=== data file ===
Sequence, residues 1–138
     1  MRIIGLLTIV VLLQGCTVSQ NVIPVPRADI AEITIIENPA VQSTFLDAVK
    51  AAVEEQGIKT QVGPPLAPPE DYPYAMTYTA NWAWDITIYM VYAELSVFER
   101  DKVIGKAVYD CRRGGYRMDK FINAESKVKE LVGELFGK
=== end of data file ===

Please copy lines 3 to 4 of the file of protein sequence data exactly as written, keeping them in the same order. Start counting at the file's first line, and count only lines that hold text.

    51  AAVEEQGIKT QVGPPLAPPE DYPYAMTYTA NWAWDITIYM VYAELSVFER
   101  DKVIGKAVYD CRRGGYRMDK FINAESKVKE LVGELFGK